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Límulus

The cat of Astraján marries LA CATRINAThe story
of the luboks

Text by Alejandro Barreto*

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One fine day in 2008, just like that, I woke up with the firm conviction of learning Russian. Why? I simply felt it was necessary and had to start as soon as possible. It is worth noting that when I started, I was quite discouraged because I found it very complicated, much more than when I heard the Russian songs in the children’s Soviet cartoons with simultaneous translation on channel 11 in the eighties. Everything seemed “pretty and Russian,” even Bolek and Lolek (although they were Polish).

However, I thought of the importance of Russian as a language. The Russians are known worldwide for their high educational ability, their engineering, medicine and aeronautics. We know the history of ancient tsars, the ex-Soviet Union, communism, folkloric art: seni and kamárinskaya; we know the matryoshkasbalalaikas, Anastasia Romanova and Rasputin, Siberia and the Gulag archipelago, Misha the bear, Dostoyevsky, Ana Karenina, Aleksandr Pushkin, the Palekh lacquer boxes, the samovars, Master and Margarita, the borsch and we’ve (perhaps) danced to the Kasachok. But facing my fascination with all this emerging-cultural-Russian mass, I discovered little by little as I went out of my way for seven years seven years ago trying to understand that exotic language, so different to Spanish, I always kept a special place in my heart for the moment when I’d discover that thing that would make the ultimate connection with the largest Slavic country in the world. I, as an engraver, had to discover the Russian graph, how it was, – I didn’t mind how folkloric it was, or how unpopular people thought it was – I knew that when I found this manifestation, I would fall in love at any cost. A love blindly compromised.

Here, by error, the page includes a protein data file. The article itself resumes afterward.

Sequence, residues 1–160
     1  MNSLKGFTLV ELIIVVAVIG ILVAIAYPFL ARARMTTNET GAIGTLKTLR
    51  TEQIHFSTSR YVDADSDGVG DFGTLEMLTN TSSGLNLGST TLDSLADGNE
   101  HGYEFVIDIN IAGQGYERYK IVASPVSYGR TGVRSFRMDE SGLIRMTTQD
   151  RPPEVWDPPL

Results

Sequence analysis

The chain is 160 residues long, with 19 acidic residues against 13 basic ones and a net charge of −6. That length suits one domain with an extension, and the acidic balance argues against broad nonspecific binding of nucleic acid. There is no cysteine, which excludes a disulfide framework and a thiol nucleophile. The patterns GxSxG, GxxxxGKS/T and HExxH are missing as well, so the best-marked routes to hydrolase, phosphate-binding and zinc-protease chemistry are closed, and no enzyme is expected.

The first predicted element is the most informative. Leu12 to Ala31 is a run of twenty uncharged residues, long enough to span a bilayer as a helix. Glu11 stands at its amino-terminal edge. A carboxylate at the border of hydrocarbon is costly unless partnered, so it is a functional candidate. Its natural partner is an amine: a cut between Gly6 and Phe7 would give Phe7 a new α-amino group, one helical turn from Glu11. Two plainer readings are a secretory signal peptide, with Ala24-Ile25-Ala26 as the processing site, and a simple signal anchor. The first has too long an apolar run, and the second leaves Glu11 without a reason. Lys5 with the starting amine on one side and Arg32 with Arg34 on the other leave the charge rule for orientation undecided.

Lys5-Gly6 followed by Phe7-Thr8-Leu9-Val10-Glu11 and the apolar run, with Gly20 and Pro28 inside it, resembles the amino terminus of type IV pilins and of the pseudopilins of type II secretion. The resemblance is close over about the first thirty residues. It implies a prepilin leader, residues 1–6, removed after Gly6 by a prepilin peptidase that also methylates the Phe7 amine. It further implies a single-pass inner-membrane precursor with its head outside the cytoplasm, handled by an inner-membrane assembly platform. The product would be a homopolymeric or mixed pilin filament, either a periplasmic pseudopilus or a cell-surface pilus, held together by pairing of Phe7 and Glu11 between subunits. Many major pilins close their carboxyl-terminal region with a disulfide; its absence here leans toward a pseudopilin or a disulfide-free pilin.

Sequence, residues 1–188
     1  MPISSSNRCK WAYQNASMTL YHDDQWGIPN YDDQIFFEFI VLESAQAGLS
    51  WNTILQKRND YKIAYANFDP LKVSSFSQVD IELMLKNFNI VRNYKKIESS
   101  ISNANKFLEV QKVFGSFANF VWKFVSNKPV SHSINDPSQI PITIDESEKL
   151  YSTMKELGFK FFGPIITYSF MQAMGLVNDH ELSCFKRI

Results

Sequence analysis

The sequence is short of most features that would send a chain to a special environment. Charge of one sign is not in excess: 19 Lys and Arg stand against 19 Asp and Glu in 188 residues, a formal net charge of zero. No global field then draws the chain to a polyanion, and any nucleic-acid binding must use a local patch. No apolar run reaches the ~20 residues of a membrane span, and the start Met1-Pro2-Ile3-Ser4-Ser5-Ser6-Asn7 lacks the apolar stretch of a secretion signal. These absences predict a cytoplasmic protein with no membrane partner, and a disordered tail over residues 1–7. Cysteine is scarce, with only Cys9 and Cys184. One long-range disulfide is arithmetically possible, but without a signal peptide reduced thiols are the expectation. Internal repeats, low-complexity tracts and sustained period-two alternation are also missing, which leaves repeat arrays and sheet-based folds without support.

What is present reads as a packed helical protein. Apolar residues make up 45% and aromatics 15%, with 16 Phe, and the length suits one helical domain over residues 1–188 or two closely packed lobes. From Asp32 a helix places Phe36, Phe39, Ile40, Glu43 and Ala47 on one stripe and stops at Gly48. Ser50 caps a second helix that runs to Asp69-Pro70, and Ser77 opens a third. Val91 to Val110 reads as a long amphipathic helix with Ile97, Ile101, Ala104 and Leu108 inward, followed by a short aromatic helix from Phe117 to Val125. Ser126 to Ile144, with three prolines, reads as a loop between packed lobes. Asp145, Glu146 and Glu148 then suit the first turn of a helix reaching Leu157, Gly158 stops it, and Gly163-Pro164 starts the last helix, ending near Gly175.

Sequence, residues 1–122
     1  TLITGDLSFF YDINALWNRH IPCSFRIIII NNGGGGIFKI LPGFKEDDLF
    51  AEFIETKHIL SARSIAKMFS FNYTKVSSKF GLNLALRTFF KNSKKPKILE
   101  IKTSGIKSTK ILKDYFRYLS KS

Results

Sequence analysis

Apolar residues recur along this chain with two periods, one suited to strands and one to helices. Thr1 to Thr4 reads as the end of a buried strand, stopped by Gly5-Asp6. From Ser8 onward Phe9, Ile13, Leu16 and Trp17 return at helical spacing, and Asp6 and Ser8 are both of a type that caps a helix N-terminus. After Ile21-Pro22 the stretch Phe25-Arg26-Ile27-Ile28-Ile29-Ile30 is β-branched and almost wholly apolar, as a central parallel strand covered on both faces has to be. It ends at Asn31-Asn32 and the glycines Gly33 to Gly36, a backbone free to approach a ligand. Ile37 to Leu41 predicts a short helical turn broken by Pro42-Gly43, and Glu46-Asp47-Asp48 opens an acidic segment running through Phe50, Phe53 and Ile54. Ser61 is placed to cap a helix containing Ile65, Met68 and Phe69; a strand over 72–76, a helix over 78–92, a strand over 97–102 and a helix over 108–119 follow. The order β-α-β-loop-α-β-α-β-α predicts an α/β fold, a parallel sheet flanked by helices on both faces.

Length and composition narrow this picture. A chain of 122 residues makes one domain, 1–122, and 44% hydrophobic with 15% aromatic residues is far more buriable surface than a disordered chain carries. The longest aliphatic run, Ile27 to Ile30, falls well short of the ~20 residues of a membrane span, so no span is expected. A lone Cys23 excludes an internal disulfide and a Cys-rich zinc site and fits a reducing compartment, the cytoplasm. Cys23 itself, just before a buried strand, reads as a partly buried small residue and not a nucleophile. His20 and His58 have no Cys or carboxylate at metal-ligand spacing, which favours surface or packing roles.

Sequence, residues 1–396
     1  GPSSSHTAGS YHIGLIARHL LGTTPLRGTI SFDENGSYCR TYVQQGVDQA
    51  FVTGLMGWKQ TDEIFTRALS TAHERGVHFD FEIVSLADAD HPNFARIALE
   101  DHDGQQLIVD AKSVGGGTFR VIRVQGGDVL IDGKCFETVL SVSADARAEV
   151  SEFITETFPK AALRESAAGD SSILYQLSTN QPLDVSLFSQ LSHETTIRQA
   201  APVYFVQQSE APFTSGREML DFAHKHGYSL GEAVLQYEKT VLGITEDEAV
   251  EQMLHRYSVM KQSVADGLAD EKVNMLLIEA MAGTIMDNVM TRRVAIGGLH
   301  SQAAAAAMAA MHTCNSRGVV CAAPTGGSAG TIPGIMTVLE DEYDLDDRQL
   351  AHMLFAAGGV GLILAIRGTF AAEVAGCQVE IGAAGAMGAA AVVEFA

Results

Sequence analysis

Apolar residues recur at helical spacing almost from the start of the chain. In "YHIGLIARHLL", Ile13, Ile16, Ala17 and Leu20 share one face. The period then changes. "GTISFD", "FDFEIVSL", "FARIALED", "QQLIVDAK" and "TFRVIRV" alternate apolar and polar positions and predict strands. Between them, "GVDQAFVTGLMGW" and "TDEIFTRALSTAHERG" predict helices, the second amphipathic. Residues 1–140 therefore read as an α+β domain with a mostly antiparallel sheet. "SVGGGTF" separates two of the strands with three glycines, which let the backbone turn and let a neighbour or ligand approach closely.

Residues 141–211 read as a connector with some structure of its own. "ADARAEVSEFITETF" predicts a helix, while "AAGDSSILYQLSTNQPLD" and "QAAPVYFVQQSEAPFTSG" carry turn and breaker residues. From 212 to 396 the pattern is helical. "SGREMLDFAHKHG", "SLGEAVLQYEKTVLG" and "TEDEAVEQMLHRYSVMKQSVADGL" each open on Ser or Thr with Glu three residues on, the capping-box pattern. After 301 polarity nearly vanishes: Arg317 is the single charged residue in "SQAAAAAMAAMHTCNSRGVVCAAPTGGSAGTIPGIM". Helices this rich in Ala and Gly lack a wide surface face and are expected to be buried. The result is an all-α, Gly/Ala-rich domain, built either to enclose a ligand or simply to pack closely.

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Among my expectations, I always yearned to see the culture of several friends from Russia reflected, in any style of engraving. I also expected to see how the traditional representation of the human figure so characteristic of their icons would be reflected, since nearly all Russian illustrations denote traces of Byzantine art. Russian artists keep in their genes the beauty of Byzantine representation, for example, children’s books have delightfully crude images: wolves, foxes and bears with ferocious jaws, but with dreamy faces, just like some characters with lost looks are usually represented in profile, hieratical representations, etc. Russian tales tend to become magical of a sudden; they are unpredictable, just like the arrival of what I longed for.

When I finally found real Russian graph, it was like the epiphany of Rus: the revelation of the Old Slavic world. The images were crude, not pretentious at all, sober, mocking and had the most musical name I had ever read in Cyrillic, it was called LUBOK.

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The luboks were something that suddenly appeared in my life, just like that, magically, like in the stories. We made such a connection that it was like a demonstration that had been there forever, but I forgot about it one day, and the next, it appeared just like that, as if I had lost it for a while and then got it back. It was then that, as I studied it, a fascination for observing it simply awoke in me, for their stories, and additionally, for my own society, Mexican society.